And wine.  I’m excited about wine.

Meanwhile, I have been loving every second of the taper.  Whereas I used to have full on panic attacks coupled with the intense desire to RUN MORE! RUN FASTER! during taper in previous training cycles, I have really (really, really) enjoyed not spending all of my spare time running. Summer went by so fast, and I feel like we didn’t get to really enjoy it.  We also kept almost completely to the training plan, only missing a few workouts with no crossing training (unless you count puppy walks), so we put in a lot more miles this go-around.

I’m kind of burned out.

But, I’m sure if I hit my goal on Sunday, I’ll be happily signing up for the next goal race, because that cycle pretty much is the story of my little runner life.

IMG_1726Giuseppe is judging me

I do have a couple of other blog posts that I hope to get up this week with overall race strategy and goals, but um, if for whatever reason that doesn’t happen (since my track record isn’t great), you can track me on Sunday HERE.  I am searchable by last name, and bib number (#841).  Even if you don’t, please say that you will because thinking that people are watching my progress really motivates me to keep going.

Thanks for all of your support during this training!

SERIOUS/TMI QUESTION!: I developed an actual black toenail on my big toe about 5 weeks ago which is absolutely disgusting.  It has started to ache the last few days, and I am pretty worried that it will fall off before the race, or during.  Is there anything I can do to ensure that it hangs out on my actual toe (as opposed to OFF it) until Monday? My first thought is to wrap it in a band-aid, but upon further consideration, I have no idea how that would help at all.

 

Advertisements

Marathon Training Recap: Week 8

The Green Socks.

Last year, The Bataan Memorial Death March fell on St. Patrick’s Day.  I didn’t want to go full-out leprechaun since this is a race to honor our Veterans, so I ordered green compression socks to go with my black and white outfit.  In general, my calves have issues, so I like to wear compression socks on any run over 10 miles, and sometimes the green socks come into rotation (my others are hot pink and white).

I never really thought they were that out of the ordinary.  I enjoy bright clothing.  And, since I always assume that I am a target for kidnapping (fun times in the head of Amy), I figure wearing something bright might help witnesses remember that they saw me at a certain point in order to establish timelines and locations of my last known whereabouts.  Really, they aren’t anything out of the ordinary for me.

But then, during my 19 miler on Saturday, I easily got comments from 20 different people.  It was an out and back run, so many of these people commented twice (and those who didn’t comment the first time, went for it the second time!).  “Hey! I recognize those green socks!” “Way to go, Green Socks! Still going!”  “Love your socks!”  Men, women, runners, cyclists, walkers, kids in bike carriers.  Everyone.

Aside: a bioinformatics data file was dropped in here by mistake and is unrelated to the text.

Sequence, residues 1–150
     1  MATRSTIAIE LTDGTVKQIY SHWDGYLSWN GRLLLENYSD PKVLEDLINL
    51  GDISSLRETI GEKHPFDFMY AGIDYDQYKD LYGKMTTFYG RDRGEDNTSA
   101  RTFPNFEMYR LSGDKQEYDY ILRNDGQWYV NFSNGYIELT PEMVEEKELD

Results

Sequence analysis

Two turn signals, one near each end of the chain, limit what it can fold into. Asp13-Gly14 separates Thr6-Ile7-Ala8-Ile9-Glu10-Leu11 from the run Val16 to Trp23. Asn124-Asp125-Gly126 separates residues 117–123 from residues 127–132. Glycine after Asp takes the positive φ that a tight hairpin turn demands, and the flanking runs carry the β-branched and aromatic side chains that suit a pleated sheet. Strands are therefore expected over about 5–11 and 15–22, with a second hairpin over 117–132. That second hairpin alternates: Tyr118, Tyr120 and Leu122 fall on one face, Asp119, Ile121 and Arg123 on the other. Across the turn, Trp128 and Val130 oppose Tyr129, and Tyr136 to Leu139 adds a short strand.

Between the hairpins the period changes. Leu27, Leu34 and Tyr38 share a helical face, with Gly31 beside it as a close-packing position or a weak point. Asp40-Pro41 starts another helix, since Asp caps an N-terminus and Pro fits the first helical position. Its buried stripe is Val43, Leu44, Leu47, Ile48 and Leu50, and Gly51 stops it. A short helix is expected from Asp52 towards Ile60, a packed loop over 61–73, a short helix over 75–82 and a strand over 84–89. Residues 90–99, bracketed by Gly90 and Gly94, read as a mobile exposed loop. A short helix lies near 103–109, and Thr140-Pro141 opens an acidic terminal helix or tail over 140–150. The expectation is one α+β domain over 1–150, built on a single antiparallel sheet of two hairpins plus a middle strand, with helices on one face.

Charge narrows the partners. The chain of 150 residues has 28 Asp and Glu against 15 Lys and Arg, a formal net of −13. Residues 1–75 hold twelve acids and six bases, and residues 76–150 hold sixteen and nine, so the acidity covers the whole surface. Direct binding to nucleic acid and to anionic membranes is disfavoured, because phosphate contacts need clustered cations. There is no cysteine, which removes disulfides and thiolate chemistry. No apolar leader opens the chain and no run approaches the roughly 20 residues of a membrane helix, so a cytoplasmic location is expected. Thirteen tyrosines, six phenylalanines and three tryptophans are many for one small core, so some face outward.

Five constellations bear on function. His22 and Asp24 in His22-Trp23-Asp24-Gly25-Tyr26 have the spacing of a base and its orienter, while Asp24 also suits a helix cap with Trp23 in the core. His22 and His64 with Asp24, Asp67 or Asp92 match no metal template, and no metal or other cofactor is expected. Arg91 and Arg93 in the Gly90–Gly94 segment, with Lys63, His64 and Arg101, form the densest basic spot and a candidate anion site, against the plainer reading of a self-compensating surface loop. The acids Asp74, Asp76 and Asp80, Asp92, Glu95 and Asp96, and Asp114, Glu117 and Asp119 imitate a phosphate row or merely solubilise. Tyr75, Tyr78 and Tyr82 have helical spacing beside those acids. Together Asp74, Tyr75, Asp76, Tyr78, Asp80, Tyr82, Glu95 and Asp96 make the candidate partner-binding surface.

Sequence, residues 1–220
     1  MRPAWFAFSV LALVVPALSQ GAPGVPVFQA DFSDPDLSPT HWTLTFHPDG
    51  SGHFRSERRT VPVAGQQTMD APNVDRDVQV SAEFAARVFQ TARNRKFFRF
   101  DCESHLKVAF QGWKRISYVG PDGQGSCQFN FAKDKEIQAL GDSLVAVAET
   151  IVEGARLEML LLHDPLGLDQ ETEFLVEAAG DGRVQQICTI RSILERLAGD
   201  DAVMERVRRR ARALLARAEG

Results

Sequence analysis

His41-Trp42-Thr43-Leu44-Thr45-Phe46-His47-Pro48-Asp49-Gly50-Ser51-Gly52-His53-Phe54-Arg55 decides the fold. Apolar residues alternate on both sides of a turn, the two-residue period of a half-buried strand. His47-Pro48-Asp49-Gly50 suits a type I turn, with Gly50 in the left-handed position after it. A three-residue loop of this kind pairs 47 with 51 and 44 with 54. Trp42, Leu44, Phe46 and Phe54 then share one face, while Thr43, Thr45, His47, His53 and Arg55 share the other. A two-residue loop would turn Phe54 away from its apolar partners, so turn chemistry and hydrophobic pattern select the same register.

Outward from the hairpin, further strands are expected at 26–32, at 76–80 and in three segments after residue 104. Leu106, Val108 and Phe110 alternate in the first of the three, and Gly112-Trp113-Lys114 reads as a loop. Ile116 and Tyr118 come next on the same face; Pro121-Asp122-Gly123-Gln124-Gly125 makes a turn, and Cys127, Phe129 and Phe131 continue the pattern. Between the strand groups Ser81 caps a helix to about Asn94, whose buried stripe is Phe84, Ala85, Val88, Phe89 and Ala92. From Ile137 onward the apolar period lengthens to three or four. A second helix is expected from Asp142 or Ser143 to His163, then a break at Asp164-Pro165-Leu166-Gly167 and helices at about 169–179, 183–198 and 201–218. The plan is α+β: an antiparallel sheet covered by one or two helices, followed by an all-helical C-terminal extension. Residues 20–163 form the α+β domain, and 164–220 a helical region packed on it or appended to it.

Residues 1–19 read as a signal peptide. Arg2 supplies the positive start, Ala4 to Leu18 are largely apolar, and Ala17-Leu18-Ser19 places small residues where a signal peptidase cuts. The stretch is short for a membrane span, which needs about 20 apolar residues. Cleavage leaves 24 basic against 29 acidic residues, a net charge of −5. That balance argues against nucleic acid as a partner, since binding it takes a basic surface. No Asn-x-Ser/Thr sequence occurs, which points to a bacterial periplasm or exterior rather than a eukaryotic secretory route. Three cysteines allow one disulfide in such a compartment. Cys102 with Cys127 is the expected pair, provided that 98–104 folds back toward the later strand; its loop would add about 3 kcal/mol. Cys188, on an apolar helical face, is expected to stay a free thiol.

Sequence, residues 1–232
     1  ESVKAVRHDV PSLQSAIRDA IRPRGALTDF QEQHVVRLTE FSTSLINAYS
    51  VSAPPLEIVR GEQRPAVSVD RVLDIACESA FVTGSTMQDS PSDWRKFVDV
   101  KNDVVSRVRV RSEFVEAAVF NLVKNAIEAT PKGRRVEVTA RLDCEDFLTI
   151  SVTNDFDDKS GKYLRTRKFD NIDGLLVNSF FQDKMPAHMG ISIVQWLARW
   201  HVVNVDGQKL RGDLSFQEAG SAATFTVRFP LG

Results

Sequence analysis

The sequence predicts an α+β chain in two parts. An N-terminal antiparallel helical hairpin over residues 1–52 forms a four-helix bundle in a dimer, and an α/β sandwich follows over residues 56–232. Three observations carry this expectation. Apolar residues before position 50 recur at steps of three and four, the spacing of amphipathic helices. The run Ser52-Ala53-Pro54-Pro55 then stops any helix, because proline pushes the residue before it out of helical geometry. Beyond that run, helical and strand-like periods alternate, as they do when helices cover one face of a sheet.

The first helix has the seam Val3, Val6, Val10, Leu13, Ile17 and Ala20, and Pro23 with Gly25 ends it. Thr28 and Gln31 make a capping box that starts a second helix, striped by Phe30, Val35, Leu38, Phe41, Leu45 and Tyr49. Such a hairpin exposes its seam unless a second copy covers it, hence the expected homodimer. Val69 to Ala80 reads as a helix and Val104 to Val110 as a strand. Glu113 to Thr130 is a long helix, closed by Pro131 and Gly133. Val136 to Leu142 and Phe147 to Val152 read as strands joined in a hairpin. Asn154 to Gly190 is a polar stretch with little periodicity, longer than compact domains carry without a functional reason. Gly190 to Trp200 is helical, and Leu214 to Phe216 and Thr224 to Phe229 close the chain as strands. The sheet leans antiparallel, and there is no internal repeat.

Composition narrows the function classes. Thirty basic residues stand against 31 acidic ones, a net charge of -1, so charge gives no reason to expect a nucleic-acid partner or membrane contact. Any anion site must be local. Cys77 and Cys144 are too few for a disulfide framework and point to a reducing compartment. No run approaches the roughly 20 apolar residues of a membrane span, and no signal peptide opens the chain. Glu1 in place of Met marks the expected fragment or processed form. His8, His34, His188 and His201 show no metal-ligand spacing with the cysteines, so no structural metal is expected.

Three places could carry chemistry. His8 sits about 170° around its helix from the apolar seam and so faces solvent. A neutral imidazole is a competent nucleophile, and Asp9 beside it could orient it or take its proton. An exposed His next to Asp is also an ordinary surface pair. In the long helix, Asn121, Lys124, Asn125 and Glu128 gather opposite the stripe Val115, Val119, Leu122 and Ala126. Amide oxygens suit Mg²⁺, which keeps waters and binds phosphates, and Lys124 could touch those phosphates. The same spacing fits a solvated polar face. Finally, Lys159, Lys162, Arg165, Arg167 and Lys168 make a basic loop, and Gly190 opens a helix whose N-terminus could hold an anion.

20140701-185647-68207114.jpg

Having the constant encouragement was actually very motivating, even though it had nothing to do with my running performance. It made the hot long run much more enjoyable, and as a result, I ran faster than I have been for long runs, and I smiled much more.  And I am certain that if I would have gone missing, several people would have called in to let the authorities know that they saw me along the trail!

The whole thing made such an impression that I actually demanded that Aaron take my picture post-run so I could share it on the blog! Green socks have special powers!

In other news, we are now officially in the middle of the Balls to the Wall  (from the windowsssss to the wall!) portion of training.  All we have left is three 20 mile long runs with a down week in between each before heading to Taper Town (won’t you take me to Taper Town).  The mileage has been built up, so the next 4.5 weeks will be dedicated to getting more miles in at marathon pace and working to make marathon pace feel as comfortable as possible.

Workout Recap:

*Funny that on the days that I was writing my blog post last week about pushing through adverse conditions to be more like a soccer player, I was actually taking a couple of rest days to deal with some stomach issues.  Nothing too crazy, but experience has taught me that running through it equals having to crawl in fetal position on the side of the road.

Monday: 4 recovery miles

Tuesday: REST (yes, I was pretty happy to avoid an 800’s workout)

Wednesday: REST

Thursday: Tempo (15/20/10): Because Aaron was at a work event and the temperatures were hot outside, I opted to do this run on the treadmill.  I always increase the incline to 1% to simulate a more realistic effort.  Tempo pace was 7:39 which is perfect, but I’m trying not to get too excited because, incline or not,  I still had a machine pacing me and pushing me along.  When I can recreate it on my own, I’ll be happy.